Lenovo is turning up the heat on its as-a-service competitors Dell Technologies and Hewlett Packard Enterprise, by launching a new High-Performance Computing as-a-service offering as part of its expanding TruScale portfolio.
“Although GreenLake and Apex are similar offerings in the market, we continue to see Lenovo being a channel-first company that is light years ahead of Dell and HPE when it comes to true partnership,” said Drew Clark, director of sales at Huber & Associates, a Jefferson City, Mo.-based Lenovo partner. “Because of this, Lenovo’s go-to-market approach is the right decision based on the technology, based on its impact to our customers, and based on its total opportunity for us in the market.”
Lenovo’s new TruScale High-Performance Computing (HPC) as-a-service solution aims to empower customers to rapidly access supercomputing capabilities on-premises in an as-a-service experience.
“In the future, this as-a-service approach will make it easier to sell HPC,” said Clark.
TruScale HPC as-a-service maximizes high-performance computing cluster resources and controls access through a pay-per-use model that is managed and supported by Lenovo and channel partners. Customers pay for what they consume, easily scale HPC clusters by removing resource limitations and can run applications at scale while managing budgets and billing through Lenovo’s TruScale Portal.https://d9d5f9585108c0c73470c9fe6561983b.safeframe.googlesyndication.com/safeframe/1-0-38/html/container.html
In late 2020, HPE unveiled its GreenLake HPC as-a-service offering that allows customers and partners to order HPC as-a-service through a self-service portal. HPE said the HPC GreenLake offering speeds up the deployment of HPC rollouts by 75 percent.
Dell Technologies Apex as-a-service portfolio does include HPC as-a-service via its Apex Custom Solutions offering, designed to help accelerate the time to discovery and innovation. This month, the company also launched several new Dell Apex solutions including Apex Backup Services for secure cloud data protection.
Lenovo said its TruScale on-premises HPC capability provides protected access to data without any changes to job scripts, or potential risks associated with public cloud exposure. With technology that is installed right at the customer data center, HPC workload managers can access and provision resources on-demand. Additional cluster resources can be obtained through a “push-button” access, which Lenovo says allows businesses to utilize additional computing, storage and acceleration capabilities as needed.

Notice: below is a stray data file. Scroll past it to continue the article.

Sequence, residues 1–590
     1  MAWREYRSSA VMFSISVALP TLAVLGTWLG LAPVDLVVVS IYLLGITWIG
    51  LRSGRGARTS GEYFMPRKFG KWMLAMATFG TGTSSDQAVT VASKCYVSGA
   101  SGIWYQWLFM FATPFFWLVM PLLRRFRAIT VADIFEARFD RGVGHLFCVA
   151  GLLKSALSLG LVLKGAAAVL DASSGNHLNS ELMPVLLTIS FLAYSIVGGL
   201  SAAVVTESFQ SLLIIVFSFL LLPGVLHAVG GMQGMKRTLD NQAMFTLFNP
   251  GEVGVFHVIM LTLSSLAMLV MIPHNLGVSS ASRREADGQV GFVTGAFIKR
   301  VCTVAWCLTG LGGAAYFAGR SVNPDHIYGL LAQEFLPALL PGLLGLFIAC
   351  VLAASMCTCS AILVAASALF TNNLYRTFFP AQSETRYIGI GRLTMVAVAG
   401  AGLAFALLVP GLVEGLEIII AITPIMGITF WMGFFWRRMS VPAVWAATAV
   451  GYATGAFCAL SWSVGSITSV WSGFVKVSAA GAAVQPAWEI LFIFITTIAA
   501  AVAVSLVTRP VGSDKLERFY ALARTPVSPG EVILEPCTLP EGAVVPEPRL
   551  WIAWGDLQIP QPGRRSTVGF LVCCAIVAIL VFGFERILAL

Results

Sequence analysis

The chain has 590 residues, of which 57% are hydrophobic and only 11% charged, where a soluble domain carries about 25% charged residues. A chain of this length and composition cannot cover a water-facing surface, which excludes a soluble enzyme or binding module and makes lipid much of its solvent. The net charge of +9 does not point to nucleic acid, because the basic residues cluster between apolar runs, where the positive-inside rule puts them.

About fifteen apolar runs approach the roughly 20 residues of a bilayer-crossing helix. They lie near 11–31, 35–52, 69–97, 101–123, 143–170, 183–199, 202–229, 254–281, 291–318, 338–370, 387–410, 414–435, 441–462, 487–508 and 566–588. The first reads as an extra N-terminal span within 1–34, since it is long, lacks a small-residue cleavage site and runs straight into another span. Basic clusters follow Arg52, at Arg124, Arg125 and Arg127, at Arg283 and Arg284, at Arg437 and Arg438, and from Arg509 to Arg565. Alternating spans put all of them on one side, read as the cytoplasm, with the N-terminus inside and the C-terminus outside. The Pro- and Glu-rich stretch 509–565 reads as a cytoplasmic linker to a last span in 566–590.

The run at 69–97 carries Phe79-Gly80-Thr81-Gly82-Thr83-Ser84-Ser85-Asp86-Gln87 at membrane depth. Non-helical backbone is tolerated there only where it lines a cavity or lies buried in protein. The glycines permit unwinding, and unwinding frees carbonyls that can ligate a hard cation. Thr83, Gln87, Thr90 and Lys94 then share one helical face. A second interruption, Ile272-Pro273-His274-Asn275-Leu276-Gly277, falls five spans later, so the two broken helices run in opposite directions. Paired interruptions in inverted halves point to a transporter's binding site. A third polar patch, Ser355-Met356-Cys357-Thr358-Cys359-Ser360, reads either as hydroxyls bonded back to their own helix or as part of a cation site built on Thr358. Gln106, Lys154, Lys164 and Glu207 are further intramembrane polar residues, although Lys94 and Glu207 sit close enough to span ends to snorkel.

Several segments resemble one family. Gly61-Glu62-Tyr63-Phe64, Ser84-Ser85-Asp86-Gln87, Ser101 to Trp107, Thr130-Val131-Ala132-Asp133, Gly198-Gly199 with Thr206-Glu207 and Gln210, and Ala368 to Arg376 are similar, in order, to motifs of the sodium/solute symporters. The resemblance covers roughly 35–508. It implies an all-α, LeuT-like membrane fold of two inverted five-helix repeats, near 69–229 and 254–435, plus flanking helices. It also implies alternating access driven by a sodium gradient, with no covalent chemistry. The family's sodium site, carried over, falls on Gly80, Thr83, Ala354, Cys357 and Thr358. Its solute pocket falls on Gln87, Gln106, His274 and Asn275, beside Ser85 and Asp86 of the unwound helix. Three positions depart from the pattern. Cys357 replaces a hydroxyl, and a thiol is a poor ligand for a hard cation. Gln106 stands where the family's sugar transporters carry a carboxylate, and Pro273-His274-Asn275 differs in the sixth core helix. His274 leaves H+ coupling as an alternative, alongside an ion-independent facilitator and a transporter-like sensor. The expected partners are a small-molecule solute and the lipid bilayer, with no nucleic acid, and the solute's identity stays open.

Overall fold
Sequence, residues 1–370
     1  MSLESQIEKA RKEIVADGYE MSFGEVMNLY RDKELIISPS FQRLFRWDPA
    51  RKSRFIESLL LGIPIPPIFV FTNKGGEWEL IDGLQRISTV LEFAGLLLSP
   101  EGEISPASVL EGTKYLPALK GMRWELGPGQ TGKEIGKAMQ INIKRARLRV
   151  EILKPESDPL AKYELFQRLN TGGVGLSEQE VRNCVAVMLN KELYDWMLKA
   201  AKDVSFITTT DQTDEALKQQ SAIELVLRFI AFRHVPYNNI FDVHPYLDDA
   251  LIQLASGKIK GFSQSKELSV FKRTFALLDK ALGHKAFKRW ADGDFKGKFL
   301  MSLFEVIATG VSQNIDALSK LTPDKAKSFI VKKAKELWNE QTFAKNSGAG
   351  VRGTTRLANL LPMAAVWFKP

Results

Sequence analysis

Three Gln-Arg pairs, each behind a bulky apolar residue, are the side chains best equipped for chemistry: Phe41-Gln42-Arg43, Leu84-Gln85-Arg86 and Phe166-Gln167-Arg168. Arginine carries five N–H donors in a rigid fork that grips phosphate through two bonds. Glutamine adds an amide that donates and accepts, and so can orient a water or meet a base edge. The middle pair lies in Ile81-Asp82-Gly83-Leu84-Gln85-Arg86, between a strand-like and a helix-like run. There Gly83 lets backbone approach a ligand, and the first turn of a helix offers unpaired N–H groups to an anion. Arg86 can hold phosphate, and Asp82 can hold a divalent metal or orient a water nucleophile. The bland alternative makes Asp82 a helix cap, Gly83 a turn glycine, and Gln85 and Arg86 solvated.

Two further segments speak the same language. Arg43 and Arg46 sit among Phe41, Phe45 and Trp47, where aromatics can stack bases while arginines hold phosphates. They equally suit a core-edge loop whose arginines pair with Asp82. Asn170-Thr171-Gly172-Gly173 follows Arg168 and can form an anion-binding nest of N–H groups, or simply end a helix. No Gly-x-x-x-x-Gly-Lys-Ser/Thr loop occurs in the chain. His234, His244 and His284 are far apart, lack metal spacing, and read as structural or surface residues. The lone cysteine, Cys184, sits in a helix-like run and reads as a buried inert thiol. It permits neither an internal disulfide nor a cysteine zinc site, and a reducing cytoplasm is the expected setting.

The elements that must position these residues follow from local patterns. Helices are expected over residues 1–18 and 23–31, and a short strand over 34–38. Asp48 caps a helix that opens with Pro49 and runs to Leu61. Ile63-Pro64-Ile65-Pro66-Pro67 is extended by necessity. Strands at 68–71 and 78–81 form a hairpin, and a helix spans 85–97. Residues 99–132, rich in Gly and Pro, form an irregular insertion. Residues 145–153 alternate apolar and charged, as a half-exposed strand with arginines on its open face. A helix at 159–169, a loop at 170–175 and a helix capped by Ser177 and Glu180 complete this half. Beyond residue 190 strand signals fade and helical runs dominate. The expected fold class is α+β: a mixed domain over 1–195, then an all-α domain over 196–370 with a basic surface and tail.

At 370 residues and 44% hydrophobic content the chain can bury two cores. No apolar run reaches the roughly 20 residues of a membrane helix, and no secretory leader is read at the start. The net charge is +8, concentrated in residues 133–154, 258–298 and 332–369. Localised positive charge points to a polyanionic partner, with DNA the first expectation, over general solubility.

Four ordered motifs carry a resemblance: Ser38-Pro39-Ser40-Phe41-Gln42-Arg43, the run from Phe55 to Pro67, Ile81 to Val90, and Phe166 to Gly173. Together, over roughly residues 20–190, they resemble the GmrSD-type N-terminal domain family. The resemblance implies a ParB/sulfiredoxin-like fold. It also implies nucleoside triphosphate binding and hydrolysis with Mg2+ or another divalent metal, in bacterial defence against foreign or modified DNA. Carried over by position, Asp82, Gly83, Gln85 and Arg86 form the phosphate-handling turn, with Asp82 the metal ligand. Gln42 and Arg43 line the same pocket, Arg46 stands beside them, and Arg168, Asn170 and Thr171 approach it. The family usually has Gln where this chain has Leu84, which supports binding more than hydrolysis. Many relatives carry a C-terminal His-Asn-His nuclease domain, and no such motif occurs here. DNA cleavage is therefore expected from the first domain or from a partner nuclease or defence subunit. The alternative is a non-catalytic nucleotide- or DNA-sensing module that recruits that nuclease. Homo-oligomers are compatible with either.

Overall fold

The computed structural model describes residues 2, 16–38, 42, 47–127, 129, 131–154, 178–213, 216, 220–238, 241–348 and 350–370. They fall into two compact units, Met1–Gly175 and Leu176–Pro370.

Huber & Associates’ Clark said he’s excited about the opportunities ahead with TruScale as Lenovo injects all aspects of its portfolio—from laptops and desktops to data center infrastructure—into TruScale which will bolster the company’s ‘One Lenovo’ vision.
“This marries with their ‘One Lenovo’ vision which we absolutely support. Our customers have never perceived a separation between their businesses and having true alignment across the board will make it even easier to do business in partnership with Lenovo,” said Clark.
In an interview last November with CRN, Lenovo’s Vladimir Rozanovich said he has plans to elevate Lenovo from a $60 billion PC company to a $100 billion end-to-end infrastructure, devices and PC as-a-service leader by taking share from competitors as the company’s One Lenovo vision takes shape.
Rozanovich, a 24-year AMD veteran who became Lenovo’s North America president, said he’s going to fight to win more North American market share from the likes of Dell and HPE in PCs, data center infrastructure and emerging as-a-service markets.
“I came to Lenovo because of what we’re actually implementing right now, which is our One Lenovo or Lenovo 360 plan. If I was just going to come here to be the head of the PC products where its, ‘Hey, Lenovo is No. 1 in PC worldwide and we’re No. 3 in North America, but we want to make sure that we get from No. 3 to No. 2,’— I mean, that’s exciting, but it’s not as exciting as saying, ‘Hey, Lenovo is not just a PC company. It’s a complete enterprise, small business and consumer organization that is going to service IT needs across a broad spectrum—from PCs, to phones, to tablets, to networks, to data center, to services and software, and supporting complex solutions—that’s why I’m here,” said Rozanovich, Lenovo’s North America President. “That’s the part where I was like, ‘Wow, this is exactly where I want to be in my career: trying to transform a $60 billion company up to $100 billion company.’”
The Hong Kong-based PC global market share leader and data center infrastructure specialist is one of the world’s largest HPC providers. Lenovo is working closely with industry partners to develop, integrate and deploy the technologies that deliver “exascale-level computing” to organizations of all sizes, the company said.
“Lenovo TruScale HPC as a Service allows for incredible innovation with the flexibility for HPC customers to expand their clusters when needed,” said Scott Tease, vice president and general manager of HPC at Lenovo, in a statement. “We designed this offering to make high performance computing resources easier and faster to deploy, offering researchers the freedom to think bigger and without technology being a barrier to their success.”RELATED TOPICS:
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